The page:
Dell G5 15 5590 vs. Lenovo Legion Y545: Which $1,000 gaming laptop to get


Lenovo’s Legion Y545 looks different than the rest of the Legion lineup. 

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Every major PC maker has an entry-level gaming laptop line starting under $900. The Dell G5 15 5590 and Lenovo Legion Y540 are two of our favorites mostly because they deliver good performance for the money, but also for their designs since neither necessarily looks like a “gaming” laptop. However, if you do want a laptop that looks more aggressive, Lenovo has another body design used for its Legion Y545. 

The 15-inch Lenovo Legion Y545 is essentially Lenovo’s older Legion Y7000P, which was only available at retail and not directly from Lenovo, and has a more angular chassis than the Y540, which reminds me of a black ThinkPad workstation but with Legion branding. The Y545 is available direct from Lenovo and starts at around $1,000, but you can find better pricing from retailers like NewEgg, B&H and Costco and you get a little more for your money with this model over the Y540. When it comes to the Y545 and the G5 15, though, the value difference isn’t as clear-cut.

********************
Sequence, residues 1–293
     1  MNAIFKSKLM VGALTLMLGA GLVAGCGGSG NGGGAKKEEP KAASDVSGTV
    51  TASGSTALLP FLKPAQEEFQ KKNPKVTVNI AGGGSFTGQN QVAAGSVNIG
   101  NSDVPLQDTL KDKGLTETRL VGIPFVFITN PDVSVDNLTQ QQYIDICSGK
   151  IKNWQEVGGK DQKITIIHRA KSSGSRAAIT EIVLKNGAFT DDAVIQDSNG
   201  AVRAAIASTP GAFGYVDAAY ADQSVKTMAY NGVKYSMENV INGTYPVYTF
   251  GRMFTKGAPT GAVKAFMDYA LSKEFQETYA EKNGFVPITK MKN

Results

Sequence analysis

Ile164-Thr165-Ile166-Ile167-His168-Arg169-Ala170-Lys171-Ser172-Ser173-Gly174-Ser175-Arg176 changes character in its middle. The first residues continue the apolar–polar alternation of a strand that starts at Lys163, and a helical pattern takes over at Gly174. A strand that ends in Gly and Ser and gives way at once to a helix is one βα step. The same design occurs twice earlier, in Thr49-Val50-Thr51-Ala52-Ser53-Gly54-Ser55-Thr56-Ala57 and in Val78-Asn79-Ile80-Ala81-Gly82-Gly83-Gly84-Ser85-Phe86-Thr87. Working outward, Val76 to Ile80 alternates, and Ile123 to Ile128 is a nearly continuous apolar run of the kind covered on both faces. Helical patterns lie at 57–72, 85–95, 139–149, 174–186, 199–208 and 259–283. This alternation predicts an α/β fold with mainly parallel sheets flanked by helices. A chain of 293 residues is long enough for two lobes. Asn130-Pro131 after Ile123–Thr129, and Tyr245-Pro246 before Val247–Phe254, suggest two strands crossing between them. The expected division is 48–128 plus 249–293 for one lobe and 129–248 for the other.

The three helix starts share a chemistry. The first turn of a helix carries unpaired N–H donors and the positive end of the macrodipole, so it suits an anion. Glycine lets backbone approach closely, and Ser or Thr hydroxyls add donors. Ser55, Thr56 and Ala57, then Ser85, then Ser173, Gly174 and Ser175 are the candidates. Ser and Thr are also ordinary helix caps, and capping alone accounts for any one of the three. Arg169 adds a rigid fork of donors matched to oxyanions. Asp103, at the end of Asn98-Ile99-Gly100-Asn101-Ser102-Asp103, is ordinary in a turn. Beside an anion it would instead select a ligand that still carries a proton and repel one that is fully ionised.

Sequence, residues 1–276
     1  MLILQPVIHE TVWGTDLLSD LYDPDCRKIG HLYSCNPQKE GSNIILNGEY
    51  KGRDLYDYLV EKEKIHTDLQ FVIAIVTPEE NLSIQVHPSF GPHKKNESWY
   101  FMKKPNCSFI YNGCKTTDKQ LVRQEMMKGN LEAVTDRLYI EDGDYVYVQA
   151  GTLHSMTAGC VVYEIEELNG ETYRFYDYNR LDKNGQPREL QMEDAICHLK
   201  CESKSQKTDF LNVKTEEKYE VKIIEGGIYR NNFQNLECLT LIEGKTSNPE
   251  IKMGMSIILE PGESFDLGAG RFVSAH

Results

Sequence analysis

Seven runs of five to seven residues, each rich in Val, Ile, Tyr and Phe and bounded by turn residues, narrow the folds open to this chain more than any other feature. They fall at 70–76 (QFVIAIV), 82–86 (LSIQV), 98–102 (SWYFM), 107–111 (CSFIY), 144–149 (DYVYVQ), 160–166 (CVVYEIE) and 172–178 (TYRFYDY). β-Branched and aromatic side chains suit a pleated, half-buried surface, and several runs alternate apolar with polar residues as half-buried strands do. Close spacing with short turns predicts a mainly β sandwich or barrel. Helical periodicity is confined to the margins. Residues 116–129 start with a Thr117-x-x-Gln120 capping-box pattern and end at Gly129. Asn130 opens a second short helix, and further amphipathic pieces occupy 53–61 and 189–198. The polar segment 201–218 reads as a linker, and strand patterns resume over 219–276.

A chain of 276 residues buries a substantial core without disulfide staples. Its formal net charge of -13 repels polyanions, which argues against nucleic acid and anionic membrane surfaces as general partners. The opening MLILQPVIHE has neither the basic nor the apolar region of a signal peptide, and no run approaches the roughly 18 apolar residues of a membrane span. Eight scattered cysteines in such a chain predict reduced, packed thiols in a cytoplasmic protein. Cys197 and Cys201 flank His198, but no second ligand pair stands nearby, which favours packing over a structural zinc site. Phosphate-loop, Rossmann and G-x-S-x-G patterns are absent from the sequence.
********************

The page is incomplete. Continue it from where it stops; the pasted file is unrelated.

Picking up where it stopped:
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They’re both solid mainstream gaming laptops that offer similar component options at roughly the same prices give or take $50. As a result, this ends up being more about the design and a couple of feature differences than performance. Right now, at least. Come Black Friday there could be enough of a pricing difference to make the decision less of a coin flip. 

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Ins and outs

Dell G5 15

Both the G5 15 5590 and Y545 have ports on the rear, including their power jacks. 

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There are a lot of people who don’t care about what a laptop looks like, they just want the most powerful computer they can get for the money. I’m not one of them, and although the Legion Y545 looks fine in general, I prefer the Dell G5 15’s design. What I appreciate about both of them, though, is that they have ports and power on the back. 

These are thinner and lighter than mainstream gaming laptops from a few years ago, which makes them more portable. But, according to feedback from PC makers, these laptops spend a lot of time on a desk, and I would expect most of that time they’re hooked up to Ethernet, a gaming keyboard and mouse, a monitor and speakers or a gaming headset. Having cords run from the back for these things just keeps things tidy. 

The G5 and Y545 have similar port assortments, but only the Dell is available with Thunderbolt 3 and has a built-in SD card reader. Similarly, Dell will let you upgrade the keyboard from a single-color backlight to a four-zone RGB backlit keyboard and swap out its standard palm rest for one with a built-in fingerprint reader. 


Both Dell and Lenovo offer 144Hz displays. 

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Configuration choices